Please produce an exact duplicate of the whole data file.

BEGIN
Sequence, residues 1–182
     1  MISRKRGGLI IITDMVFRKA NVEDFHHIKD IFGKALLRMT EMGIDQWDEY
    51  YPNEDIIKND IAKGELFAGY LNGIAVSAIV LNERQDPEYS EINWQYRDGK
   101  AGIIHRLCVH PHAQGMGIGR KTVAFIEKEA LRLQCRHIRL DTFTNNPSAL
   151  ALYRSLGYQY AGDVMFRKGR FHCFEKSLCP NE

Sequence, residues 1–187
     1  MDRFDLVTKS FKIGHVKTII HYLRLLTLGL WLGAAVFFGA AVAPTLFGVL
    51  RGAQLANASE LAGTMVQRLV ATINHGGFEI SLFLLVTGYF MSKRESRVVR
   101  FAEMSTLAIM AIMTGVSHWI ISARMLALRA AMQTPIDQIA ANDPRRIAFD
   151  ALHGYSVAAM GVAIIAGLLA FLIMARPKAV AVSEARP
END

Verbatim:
Sequence, residues 1–182
     1  MISRKRGGLI IITDMVFRKA NVEDFHHIKD IFGKALLRMT EMGIDQWDEY
    51  YPNEDIIKND IAKGELFAGY LNGIAVSAIV LNERQDPEYS EINWQYRDGK
   101  AGIIHRLCVH PHAQGMGIGR KTVAFIEKEA LRLQCRHIRL DTFTNNPSAL
   151  ALYRSLGYQY AGDVMFRKGR FHCFEKSLCP NE

Sequence, residues 1–187
     1  MDRFDLVTKS FKIGHVKTII HYLRLLTLGL WLGAAVFFGA AVAPTLFGVL
    51  RGAQLANASE LAGTMVQRLV ATINHGGFEI SLFLLVTGYF MSKRESRVVR
   101  FAEMSTLAIM AIMTGVSHWI ISARMLALRA AMQTPIDQIA ANDPRRIAFD
   151  ALHGYSVAAM GVAIIAGLLA FLIMARPKAV AVSEARP